Page images


"Ne me plaignez pas-si vous saviez
Combien de peines ce tombeau m'a epargnées!”

I STOOD beside thy lowly grave ;—
Spring-odours breath'd around,

And music, in the river-wave,
Pass'd with a lulling sound.

* Extrinsic interest has lately attached to the fine scenery of Woodstock, near Kilkenny, on account of its having been the last residence of the author of Psyche. Her grave is one of many in the church-yard of the village. The river runs smoothly by. The ruins of an ancient abbey that have been partially converted into a church, reverently throw their mantle of tender shadow over it.-Tales by the O'Hara Family.

All happy things that love the sun

In the bright air glanc'd by, And a glad murmur seem'd to run Thro' the soft azure sky.

Fresh leaves were on the ivy-bough

That fring'd the ruins near; Young voices were abroad-but thou Their sweetness couldst not hear.

And mournful grew my heart for thee,

Thou in whose woman's mind The ray that brightens earth and sea, The light of song was shrined.

Mournful, that thou wert slumbering low, With a dread curtain drawn

Between thee and the golden glow

Of this world's vernal dawn.

Parted from all the song and bloom

Thou wouldst have lov'd so well, To thee the sunshine round thy tomb Was but a broken spell.

The bird, the insect on the wing,
In their bright reckless play,

Might feel the flush and life of spring,-
And thou wert pass'd away!

But then, ev'n then, a nobler thought
my vain sadness came;

Th' immortal spirit woke, and wrought
Within my thrilling frame.

Surely on lovelier things, I said,

Thou must have look'd ere now, Than all that round our pathway shed Odours and hues below.

The shadows of the tomb are here,

Yet beautiful is earth!

What seest thou then where no dim fear, No haunting dream hath birth?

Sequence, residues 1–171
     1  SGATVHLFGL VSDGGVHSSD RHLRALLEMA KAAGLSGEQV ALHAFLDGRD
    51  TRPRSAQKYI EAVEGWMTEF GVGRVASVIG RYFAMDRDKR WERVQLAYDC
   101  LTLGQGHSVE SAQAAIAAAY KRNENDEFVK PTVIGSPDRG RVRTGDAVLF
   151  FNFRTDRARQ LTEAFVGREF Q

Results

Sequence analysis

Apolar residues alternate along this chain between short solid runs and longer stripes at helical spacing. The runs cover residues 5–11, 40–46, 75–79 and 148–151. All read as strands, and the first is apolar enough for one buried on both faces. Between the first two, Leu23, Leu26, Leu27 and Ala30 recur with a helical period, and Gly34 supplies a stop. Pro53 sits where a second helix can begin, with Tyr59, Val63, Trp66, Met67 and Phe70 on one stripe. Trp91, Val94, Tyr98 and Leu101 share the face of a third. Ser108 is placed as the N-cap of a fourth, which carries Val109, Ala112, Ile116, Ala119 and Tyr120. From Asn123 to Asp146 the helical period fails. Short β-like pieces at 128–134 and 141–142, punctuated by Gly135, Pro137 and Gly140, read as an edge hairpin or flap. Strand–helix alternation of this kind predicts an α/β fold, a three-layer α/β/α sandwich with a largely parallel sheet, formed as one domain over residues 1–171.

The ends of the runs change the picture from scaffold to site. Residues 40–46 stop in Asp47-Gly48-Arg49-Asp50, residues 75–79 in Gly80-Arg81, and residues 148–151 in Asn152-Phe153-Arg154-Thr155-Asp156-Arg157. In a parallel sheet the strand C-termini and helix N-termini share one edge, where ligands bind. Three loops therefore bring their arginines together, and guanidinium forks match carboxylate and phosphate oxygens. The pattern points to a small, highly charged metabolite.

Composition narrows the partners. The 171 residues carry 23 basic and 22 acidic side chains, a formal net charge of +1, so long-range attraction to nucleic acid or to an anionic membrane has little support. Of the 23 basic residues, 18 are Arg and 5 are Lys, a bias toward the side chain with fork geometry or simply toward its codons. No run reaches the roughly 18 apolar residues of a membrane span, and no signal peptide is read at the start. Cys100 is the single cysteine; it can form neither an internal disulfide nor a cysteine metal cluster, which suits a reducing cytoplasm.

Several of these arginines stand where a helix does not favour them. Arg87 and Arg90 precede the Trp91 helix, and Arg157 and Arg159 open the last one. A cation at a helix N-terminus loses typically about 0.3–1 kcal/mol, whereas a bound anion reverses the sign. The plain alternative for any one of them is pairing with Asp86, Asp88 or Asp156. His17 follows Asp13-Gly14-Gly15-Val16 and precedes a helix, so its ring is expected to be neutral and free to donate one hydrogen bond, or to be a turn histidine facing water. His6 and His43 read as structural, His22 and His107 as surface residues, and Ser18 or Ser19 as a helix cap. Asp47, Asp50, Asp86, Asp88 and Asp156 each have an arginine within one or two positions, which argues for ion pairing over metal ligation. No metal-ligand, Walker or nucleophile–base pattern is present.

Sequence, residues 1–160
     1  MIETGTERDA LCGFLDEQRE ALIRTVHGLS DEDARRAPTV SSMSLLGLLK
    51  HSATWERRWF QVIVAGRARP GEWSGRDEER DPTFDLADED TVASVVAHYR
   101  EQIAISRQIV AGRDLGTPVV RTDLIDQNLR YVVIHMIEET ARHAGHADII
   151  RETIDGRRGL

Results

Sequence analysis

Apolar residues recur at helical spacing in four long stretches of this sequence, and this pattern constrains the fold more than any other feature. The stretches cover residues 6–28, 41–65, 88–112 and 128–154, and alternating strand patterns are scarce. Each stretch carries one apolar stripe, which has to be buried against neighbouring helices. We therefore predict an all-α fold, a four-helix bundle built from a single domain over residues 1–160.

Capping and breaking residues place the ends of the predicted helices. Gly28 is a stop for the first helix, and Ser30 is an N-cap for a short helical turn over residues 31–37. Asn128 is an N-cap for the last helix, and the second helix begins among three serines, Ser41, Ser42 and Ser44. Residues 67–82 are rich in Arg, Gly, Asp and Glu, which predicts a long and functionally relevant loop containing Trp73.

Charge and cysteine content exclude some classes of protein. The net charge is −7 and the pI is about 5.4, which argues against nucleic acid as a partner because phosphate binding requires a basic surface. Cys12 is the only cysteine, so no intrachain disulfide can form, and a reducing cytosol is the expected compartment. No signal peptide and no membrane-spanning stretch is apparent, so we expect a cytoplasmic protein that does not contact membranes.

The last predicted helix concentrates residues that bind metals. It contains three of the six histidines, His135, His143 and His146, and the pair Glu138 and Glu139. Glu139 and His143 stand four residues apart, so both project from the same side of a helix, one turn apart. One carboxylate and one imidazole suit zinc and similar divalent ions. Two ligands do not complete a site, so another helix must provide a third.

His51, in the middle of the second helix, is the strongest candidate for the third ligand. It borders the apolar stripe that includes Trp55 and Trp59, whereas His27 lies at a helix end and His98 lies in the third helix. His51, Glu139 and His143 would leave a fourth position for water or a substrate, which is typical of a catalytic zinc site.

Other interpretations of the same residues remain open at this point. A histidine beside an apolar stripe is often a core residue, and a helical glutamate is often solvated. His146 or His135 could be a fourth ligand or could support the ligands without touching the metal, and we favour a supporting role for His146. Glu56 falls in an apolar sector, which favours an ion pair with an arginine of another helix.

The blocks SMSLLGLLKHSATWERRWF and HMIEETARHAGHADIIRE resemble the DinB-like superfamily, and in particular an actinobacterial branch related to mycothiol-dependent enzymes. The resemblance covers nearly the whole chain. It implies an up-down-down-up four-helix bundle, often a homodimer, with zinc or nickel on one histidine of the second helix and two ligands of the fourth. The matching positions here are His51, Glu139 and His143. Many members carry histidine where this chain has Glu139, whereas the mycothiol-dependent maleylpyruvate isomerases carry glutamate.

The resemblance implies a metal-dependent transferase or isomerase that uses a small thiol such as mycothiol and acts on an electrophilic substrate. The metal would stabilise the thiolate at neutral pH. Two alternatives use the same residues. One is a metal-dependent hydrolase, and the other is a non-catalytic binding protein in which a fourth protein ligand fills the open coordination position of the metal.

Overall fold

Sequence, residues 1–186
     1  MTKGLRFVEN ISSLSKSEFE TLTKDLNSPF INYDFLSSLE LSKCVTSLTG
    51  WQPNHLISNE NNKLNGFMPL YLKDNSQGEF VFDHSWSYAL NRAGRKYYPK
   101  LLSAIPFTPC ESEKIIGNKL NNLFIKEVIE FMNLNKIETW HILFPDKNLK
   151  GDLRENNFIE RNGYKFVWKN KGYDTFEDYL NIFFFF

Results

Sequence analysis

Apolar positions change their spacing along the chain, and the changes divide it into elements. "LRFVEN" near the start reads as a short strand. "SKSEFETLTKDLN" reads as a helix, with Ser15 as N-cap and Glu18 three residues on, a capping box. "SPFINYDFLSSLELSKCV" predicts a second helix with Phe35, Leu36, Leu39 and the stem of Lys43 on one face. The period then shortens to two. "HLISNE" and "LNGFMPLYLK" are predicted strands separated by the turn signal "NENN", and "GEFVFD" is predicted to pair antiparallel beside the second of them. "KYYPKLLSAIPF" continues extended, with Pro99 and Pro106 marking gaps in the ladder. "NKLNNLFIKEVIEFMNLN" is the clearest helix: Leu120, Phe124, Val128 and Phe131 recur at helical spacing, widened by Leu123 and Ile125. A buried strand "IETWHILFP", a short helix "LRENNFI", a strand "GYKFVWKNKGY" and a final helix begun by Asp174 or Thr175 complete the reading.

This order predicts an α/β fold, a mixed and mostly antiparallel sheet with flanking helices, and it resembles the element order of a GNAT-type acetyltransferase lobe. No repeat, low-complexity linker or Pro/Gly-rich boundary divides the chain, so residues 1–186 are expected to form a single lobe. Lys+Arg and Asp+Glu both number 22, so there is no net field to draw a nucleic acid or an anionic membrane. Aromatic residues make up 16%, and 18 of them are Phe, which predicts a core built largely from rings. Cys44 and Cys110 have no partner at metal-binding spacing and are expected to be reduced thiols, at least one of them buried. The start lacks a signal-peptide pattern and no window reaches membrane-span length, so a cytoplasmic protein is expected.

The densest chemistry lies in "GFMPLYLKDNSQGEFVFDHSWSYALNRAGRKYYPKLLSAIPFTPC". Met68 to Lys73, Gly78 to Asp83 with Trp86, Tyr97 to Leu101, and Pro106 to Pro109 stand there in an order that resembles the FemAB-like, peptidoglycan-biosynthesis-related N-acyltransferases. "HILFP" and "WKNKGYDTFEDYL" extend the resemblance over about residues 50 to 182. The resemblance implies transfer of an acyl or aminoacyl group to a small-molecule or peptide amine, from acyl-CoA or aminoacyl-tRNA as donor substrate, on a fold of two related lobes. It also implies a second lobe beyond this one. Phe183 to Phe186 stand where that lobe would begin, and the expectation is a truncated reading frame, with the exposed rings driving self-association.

Here a vain love to passing flowers

Thou gav'st-but where thou art, The sway is not with changeful hours, There love and death must part.

Thou hast left sorrow in thy song,

A voice not loud, but deep!
The glorious bowers of earth among,
How often didst thou weep!

Where couldst thou fix on mortal ground
Thy tender thoughts and high?--
Now peace the woman's heart hath found,
And joy the poet's eye.

Note 3, page 27, lines 17 and 18.

And her lovely thoughts from their cells found way,
In the sudden flow of a plaintive lay.

A Greek Bride, on leaving her father's house, takes leave of her friends and relatives frequently in extemporaneous verse.-See Fauriel's Chants Populaires de la Grèce Moderne.

Note 4, page 65, line 3.

And lov'd when they should hate-like thee, Imelda.

The tale of Imelda is related in Sismondi's Historie des Republiques Italienne. Vol. iii. p. 443.

Note 5, page 109, line 8.

Father of ancient waters, roll!

"Father of waters," the Indian name for the Mississippi.

Note 6, page 118, line 11.

And to the Fairy's fountain in the glade.

A beautiful fountain near Domremi, believed to be haunted by fairies, and a favourite resort of Jeanne d'Arc in her childhood.

Note 7, page 121, lines 5 and 6.

But loveliest far amidst the revel's pride,
Was she, the Lady from the Danube-side.

The Princess Pauline Schwartzenberg. The story of her

fate is beautifully related in L'Allemagne.

Vol. iii. p. 336.

« PreviousContinue »